So we mustered. Then we get a phone call a week into it. There’s a ship order out. They’re taking all the things, including damara’s. AND they can take the older rams. Hallelujah, about bloody time, pull out all the stops people we need to get some sheep rounded up and get them gone NOW. Needless to say we felt heartened, after 18 months of nearly nothing we had a good order to work towards.


However, this put us in a pickle. We’d arranged a delivery of light lambs to an abattoir, which coincidently was roughly the same delivery date as the ship order. There wasn’t much to think about though. The ship would take all ram lambs, and all rams up to white tag, whereas the abattoir would only take light lambs. Bugger the meatworks, we need to move sheep off the place and money into the account ASAP.


A week and a half later, which was yesterday, with some five hundred rams lambs and rams in the yards, on VERY expensive feed, we get a call. “Job’s off. They’ve cancelled the order. My guess is they can’t get ESCAS approval.”  Now it’s probably a good thing we live so far from Perth, otherwise one or two of us would be up on murder charges and I’d be writing this from a holding cell somewhere.  


So now we are in a jam. We have a holding paddock full of sheep too old for  the domestic processors, with no idea if any ship order is going to be forthcoming for them, and last I heard the next available kill space is Christmas, with this year’s new drop of lambs about to be ready for sale. Sheep need to eat, and either we let them go again into the main paddocks, after three weeks of work and expense, and hope they stay away from the ewes which we don’t want mated to them, or we try to find some way of feeding them, which will be nigh on impossible with the dry season in the Northern Ag zone all but exhausting any spare hay supplies.


You all may or may not be aware we’ve started a station stay. Perhaps a few of the do gooding brigade who so adamantly campaigned against our trade would like to come visit and witness firsthand the mess they have made. Hell, they can even take a ram home with them. Strangely, that’s only not allowed if you’re an Arab in the Middle East. Try explaining that one to the two French backpackers helping. They think we’re nuts enough with vegemite, giant jumping rats and running birds who don’t fly. When we explain we now have to control what another country does with an animal we’ve sold them, they think we’re mad. Strangely enough, so did the two German girls, the Taiwanese girl, the German guy and the Austrian girl who have all graced us with their presence. There’s a lesson there somewhere. I hope whoever is in charge in the near future wakes up to this, or it’s going to be a bloody mess.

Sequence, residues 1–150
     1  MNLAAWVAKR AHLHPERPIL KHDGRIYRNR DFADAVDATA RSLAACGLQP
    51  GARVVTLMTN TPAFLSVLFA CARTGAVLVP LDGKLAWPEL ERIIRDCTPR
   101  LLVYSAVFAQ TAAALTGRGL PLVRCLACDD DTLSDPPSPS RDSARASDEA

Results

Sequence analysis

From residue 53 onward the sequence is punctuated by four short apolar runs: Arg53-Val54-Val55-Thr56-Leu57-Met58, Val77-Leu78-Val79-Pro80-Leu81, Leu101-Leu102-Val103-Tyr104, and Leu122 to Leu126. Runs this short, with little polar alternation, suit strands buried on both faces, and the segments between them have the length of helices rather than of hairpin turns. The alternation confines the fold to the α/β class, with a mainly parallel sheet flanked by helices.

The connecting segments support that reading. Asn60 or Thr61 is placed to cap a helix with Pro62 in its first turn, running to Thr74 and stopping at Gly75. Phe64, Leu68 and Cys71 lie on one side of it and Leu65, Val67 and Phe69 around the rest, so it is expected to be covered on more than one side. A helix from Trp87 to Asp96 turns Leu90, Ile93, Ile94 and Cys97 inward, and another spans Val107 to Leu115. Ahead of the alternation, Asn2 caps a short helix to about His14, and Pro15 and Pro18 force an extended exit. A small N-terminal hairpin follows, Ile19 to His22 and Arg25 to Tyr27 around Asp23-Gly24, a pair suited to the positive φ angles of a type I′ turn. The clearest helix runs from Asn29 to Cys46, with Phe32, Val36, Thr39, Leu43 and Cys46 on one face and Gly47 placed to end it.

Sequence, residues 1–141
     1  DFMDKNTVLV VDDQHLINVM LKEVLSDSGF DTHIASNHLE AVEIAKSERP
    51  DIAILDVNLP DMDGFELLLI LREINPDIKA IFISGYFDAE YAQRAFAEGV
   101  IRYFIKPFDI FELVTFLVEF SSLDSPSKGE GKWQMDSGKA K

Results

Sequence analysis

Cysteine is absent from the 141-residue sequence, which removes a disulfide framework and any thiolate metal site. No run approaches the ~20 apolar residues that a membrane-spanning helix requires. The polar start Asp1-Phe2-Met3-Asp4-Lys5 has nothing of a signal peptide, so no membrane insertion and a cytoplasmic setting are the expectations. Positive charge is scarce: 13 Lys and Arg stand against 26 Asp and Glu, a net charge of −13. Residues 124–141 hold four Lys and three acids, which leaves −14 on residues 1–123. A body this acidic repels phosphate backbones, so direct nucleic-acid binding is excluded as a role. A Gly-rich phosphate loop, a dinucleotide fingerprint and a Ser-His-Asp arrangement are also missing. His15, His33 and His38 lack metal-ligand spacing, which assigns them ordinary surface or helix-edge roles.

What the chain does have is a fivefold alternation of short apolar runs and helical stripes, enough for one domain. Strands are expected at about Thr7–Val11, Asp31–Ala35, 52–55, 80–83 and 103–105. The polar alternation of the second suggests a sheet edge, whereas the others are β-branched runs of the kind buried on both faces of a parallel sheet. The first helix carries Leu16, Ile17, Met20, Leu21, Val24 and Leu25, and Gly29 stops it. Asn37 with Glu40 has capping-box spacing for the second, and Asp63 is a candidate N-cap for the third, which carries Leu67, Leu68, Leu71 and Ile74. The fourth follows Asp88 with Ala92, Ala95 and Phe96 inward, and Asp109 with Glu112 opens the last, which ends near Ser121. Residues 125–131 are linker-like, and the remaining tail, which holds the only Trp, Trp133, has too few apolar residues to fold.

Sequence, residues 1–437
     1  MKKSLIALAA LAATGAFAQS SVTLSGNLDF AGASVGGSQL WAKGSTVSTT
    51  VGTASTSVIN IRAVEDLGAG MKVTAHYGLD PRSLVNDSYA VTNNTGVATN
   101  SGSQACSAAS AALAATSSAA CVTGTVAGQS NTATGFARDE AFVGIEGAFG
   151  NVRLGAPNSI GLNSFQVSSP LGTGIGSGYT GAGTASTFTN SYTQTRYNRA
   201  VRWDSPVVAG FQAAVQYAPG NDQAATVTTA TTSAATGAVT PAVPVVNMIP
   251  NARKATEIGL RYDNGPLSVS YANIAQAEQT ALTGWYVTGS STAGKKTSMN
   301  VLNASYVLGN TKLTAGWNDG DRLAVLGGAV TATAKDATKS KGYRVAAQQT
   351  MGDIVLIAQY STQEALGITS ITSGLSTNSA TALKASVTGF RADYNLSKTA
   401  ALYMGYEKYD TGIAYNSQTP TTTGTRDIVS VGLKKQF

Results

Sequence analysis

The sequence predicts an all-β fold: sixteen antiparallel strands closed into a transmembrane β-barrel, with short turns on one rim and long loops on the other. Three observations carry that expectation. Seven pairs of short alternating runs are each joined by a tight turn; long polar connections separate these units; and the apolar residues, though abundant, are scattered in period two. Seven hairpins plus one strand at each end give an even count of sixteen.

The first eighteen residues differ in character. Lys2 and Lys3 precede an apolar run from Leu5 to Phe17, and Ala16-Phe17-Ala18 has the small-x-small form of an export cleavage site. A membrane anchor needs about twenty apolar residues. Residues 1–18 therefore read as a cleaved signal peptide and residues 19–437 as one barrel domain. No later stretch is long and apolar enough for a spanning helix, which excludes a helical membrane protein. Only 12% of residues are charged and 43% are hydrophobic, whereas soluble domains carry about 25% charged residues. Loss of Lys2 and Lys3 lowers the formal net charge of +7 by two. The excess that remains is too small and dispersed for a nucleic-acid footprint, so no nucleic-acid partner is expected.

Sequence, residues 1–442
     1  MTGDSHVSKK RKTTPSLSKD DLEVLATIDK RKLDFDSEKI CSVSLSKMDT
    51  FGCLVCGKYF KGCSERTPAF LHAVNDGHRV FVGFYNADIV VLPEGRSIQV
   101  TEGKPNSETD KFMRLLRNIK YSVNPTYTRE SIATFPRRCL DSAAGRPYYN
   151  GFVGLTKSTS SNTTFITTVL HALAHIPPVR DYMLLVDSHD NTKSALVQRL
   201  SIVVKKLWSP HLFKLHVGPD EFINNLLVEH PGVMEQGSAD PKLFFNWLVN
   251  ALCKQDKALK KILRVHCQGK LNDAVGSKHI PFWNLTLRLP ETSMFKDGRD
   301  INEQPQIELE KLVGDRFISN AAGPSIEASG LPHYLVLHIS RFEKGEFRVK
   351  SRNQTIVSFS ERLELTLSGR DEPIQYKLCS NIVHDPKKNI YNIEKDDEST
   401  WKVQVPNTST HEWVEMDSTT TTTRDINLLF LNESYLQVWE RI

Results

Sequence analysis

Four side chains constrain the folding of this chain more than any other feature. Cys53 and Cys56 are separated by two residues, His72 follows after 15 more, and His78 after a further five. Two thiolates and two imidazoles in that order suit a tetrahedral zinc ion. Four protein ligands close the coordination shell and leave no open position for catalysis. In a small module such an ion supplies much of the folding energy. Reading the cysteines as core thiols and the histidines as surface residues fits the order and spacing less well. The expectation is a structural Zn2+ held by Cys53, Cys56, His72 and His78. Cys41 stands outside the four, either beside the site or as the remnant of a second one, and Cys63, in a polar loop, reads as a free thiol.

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Wednesday, 26 June 2013

Ding Dong.

Dear Mr Ludwig, former Agricultural Minister for Australia

Congratulations on your early retirement. We trust you found your time as Agricultural Minister an enlightening one, and that after a few years in the job, you are now able to tell a sheep from a cow from a horse’s arse. We also hope you have learnt that livestock are not like iron ore, and that they cannot sit idle at wharf side while you attempt to appease some 18 million voters on the Eastern seaboard.

Did anything you heard at any of your meetings with any producers actually sink in at any point? We would hope so. We are sure any future employers would expect the ability to listen and learn to be a prerequisite, and to this we hope it has improved should you get bored of tax payer funded pension benefits, benefits which those left decimated by your few years at the reins (reins are the things which steer horses, at the opposite end of the horse’s arse) would greatly appreciate.

Saturday, 18 May 2013

Blatant Self Promotion.....

If you've been reading for a while and ever wondered what it be like to be on a station, here's your chance. Welcome to Gabyon Station Stay, our new little sideline that we hope people will enjoy.